Are Bad Credit Personal Loans Still Available in the Current Climate?
In the not so distant past, credit was flowing at fire-hose strength with seemingly anyone eligible to be approved for finance of one kind or another. Loan lenders were falling over themselves to extend credit to people of all circumstances and credit history, with a poor credit rating not necessarily being a hindrance to having an application accepted. These times seem very long ago now, with the global financial markets in turmoil and credit lines being frozen left, right and center.
The credit crunch has left most banks scrambling to rearrange their balance sheets, with lending either stopping altogether or being charged much more for in higher interest rates, and capital reserves being built up. Other banks, of course, are no longer with us having either gone bust or been subsumed by rivals.
Given these circumstances, can people with poor credit ratings still expect to be able to get a loan?
If you don’t own your home, either outright or via a mortgage, then you’re going to struggle to have an application approved by any of the mainstream lenders unless you have a pristine credit record. Homeowners may have an easier ride, but this will depend on them having plenty of equity in their home – i.e. their home must be worth much more than any money they owe on it, such as a mortgage or secured loan. This is because the lender needs to be confident that even if property prices continue to fall, the house can still be sold at a price high enough to recoup the debt if the borrower defaults on the loan.
Specialist lenders do exist who will offer finance to people of less credit-worthy backgrounds, including people who rent their home and have had a checkered financial history when it comes to keeping a clean credit rating. The problem is, that many of these lenders charge extremely high rates, and are not willing to lend large amounts compared to the income of the borrower. Often, these lenders will require weekly collection of repayments in person, which may be off-putting to some, hinting as it does at the murky world of loan sharks even when the loans are nothing of the sort.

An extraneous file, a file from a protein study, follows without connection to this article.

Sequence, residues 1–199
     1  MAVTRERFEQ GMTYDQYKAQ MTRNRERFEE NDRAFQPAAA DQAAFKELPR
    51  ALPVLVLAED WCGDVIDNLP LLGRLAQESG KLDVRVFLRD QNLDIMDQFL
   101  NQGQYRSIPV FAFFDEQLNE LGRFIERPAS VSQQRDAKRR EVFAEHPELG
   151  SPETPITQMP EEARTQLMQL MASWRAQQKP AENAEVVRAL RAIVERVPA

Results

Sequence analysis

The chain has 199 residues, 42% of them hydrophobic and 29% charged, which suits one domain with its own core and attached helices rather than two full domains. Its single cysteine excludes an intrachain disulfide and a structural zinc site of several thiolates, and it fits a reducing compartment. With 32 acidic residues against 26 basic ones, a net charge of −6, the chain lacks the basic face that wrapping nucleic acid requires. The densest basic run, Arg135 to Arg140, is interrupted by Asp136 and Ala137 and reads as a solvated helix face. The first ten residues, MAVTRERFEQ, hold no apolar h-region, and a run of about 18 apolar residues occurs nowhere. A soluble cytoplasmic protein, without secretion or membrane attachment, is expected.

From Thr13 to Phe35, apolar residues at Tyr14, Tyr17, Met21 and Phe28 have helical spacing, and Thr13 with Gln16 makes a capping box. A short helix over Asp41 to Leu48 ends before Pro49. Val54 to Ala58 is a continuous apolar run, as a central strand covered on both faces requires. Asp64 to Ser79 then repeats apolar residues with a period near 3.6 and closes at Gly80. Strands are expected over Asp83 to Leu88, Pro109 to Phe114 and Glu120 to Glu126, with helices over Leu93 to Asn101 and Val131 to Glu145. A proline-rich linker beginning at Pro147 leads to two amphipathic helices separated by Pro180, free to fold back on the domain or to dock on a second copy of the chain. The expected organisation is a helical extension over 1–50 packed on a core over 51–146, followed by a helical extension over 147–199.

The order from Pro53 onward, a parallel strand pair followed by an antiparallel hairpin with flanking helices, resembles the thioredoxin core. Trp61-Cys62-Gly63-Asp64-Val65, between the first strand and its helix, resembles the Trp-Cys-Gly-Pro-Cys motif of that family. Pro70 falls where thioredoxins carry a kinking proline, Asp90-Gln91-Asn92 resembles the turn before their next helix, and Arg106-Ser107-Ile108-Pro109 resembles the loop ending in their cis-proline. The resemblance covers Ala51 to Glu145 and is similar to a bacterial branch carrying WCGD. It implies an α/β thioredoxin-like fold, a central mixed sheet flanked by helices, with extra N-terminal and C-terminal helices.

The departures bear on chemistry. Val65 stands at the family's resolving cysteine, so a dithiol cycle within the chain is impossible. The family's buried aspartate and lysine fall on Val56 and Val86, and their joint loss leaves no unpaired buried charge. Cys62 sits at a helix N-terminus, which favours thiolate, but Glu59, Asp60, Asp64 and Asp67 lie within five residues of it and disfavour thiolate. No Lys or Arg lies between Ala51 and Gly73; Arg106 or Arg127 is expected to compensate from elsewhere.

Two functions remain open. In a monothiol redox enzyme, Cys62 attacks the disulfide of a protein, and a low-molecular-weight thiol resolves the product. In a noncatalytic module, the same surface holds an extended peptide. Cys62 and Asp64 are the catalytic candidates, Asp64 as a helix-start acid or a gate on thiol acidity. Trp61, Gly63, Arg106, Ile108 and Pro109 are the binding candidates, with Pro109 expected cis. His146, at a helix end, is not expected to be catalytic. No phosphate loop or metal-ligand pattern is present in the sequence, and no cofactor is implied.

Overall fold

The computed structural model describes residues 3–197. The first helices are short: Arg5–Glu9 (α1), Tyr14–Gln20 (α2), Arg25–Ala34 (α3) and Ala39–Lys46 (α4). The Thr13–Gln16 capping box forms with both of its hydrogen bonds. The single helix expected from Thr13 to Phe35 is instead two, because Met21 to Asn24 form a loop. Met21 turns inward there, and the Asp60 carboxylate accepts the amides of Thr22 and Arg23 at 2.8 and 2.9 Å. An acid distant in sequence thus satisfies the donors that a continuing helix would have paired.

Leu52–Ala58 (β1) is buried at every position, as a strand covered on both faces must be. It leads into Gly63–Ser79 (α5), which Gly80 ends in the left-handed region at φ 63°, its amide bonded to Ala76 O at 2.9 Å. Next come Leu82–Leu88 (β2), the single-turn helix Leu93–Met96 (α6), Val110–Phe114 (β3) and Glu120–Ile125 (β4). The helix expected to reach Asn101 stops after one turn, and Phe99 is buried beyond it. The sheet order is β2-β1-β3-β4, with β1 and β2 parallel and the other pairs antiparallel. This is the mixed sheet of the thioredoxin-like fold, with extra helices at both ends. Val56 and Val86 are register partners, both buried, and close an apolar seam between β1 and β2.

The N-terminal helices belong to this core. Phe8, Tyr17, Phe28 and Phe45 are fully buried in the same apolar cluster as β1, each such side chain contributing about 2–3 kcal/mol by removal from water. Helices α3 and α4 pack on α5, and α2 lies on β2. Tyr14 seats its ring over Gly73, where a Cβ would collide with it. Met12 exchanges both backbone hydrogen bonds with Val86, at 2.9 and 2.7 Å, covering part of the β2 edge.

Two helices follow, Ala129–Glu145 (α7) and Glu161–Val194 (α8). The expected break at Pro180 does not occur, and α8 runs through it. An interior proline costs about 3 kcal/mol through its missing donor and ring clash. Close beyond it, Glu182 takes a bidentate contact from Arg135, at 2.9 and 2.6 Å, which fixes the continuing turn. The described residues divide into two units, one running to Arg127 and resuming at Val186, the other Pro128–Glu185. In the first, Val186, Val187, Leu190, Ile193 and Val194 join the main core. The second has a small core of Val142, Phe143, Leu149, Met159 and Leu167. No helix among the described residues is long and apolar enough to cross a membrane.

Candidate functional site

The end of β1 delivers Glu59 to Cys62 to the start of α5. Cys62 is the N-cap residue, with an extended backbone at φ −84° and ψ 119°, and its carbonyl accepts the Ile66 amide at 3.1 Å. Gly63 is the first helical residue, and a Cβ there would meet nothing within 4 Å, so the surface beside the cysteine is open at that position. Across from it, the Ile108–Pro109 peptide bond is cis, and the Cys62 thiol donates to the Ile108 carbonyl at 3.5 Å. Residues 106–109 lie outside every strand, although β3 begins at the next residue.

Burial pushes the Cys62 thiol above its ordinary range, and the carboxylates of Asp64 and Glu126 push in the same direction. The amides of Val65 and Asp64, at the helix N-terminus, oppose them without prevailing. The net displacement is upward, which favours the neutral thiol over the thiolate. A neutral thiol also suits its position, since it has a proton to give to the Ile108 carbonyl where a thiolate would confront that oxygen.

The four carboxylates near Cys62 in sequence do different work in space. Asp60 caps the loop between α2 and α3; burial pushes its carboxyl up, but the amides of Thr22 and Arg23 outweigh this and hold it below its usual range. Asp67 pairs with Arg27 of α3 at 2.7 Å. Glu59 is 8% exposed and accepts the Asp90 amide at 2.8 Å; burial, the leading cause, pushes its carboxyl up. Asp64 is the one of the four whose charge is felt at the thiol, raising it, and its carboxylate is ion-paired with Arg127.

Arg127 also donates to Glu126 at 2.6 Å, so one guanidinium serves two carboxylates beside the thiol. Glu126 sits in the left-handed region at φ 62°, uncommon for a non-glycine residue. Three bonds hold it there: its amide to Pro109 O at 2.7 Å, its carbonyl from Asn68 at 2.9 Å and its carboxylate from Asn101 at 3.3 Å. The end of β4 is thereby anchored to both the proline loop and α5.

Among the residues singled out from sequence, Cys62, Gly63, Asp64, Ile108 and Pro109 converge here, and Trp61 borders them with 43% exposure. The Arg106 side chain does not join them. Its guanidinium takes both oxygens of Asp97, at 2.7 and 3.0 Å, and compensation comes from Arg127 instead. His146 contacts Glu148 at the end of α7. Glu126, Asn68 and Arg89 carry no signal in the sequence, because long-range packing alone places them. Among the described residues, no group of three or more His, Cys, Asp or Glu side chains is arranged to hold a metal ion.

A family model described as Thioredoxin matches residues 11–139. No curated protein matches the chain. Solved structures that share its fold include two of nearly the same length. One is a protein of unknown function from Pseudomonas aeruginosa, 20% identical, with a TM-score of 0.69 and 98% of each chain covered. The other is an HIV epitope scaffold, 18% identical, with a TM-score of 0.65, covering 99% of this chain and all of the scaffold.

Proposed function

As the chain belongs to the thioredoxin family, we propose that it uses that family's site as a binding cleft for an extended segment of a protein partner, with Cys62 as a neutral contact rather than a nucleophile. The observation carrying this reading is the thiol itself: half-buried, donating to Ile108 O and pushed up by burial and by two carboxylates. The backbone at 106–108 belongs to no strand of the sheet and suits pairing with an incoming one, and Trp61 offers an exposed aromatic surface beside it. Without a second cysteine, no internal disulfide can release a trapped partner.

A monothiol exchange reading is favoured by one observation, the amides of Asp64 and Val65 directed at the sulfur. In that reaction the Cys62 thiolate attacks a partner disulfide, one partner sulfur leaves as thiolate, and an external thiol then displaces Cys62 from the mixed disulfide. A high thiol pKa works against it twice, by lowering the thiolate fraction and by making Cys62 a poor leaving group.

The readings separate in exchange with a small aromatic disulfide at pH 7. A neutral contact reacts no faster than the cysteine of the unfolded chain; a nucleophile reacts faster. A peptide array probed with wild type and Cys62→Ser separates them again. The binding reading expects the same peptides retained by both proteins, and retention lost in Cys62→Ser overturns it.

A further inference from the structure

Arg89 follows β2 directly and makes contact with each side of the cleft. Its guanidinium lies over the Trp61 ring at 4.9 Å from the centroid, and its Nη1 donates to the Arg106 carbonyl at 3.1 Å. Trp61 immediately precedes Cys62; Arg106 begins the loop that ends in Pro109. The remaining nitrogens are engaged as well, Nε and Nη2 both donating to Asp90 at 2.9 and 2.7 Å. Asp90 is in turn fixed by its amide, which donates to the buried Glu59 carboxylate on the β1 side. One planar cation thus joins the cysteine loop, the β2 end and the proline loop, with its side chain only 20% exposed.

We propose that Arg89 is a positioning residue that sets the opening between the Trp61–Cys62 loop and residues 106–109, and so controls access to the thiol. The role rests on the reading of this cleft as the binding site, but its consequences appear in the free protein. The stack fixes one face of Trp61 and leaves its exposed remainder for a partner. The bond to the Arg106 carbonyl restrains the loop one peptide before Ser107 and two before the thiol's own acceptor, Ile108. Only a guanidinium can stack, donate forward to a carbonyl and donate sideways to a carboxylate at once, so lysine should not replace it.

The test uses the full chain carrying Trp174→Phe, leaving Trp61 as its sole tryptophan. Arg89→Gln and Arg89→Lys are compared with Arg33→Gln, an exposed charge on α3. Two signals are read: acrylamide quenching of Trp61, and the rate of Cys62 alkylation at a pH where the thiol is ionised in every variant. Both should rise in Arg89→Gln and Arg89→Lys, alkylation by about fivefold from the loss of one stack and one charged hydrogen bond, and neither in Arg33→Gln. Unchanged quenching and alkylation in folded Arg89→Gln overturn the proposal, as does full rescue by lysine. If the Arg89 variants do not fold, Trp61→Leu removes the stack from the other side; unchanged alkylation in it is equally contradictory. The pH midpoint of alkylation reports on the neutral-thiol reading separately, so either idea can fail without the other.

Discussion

Other options include guarantor loans, where someone with a better credit rating vouches for the loan – this could be a parent or other relative, for example – but this is something of a niche product which isn’t yet particularly widely available.
There are, however, signs that things are starting to improve as banking institutions come to terms with their losses and credit begins to flow more freely again. There’s little prospect though of a return to the days of such easy credit as we saw just a couple of years ago, so people with poor credit ratings still might have to set their sites lower when looking for a loan, and pay more in interest than they ideally would like.